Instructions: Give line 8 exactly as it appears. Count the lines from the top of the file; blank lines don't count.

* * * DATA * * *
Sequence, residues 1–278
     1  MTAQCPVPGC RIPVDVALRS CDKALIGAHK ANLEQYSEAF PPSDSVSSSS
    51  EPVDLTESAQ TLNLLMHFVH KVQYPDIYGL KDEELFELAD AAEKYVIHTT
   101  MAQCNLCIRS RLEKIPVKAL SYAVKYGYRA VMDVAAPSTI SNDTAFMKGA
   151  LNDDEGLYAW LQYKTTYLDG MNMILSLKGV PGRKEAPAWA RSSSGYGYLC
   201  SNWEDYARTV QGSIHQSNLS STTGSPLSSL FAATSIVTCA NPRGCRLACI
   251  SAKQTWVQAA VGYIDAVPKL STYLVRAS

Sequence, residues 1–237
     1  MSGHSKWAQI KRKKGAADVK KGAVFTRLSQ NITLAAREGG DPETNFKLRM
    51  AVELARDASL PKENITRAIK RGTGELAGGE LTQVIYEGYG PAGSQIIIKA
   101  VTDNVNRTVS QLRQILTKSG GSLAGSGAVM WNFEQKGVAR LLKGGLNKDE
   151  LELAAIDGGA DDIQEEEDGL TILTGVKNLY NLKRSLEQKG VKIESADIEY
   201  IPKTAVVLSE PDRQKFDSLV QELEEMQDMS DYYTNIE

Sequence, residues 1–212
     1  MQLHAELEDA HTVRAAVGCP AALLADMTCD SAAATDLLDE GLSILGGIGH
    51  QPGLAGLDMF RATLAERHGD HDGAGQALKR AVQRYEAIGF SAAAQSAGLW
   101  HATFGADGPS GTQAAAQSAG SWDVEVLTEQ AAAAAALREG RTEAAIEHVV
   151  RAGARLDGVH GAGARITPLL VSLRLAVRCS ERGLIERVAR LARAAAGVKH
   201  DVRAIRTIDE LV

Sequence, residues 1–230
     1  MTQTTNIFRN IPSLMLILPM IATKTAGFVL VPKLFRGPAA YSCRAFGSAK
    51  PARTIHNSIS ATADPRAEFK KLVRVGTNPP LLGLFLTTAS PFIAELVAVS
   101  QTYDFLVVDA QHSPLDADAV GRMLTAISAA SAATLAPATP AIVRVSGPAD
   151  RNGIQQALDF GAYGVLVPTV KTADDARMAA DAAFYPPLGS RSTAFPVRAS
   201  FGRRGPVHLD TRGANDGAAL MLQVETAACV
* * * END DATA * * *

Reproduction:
Sequence, residues 1–237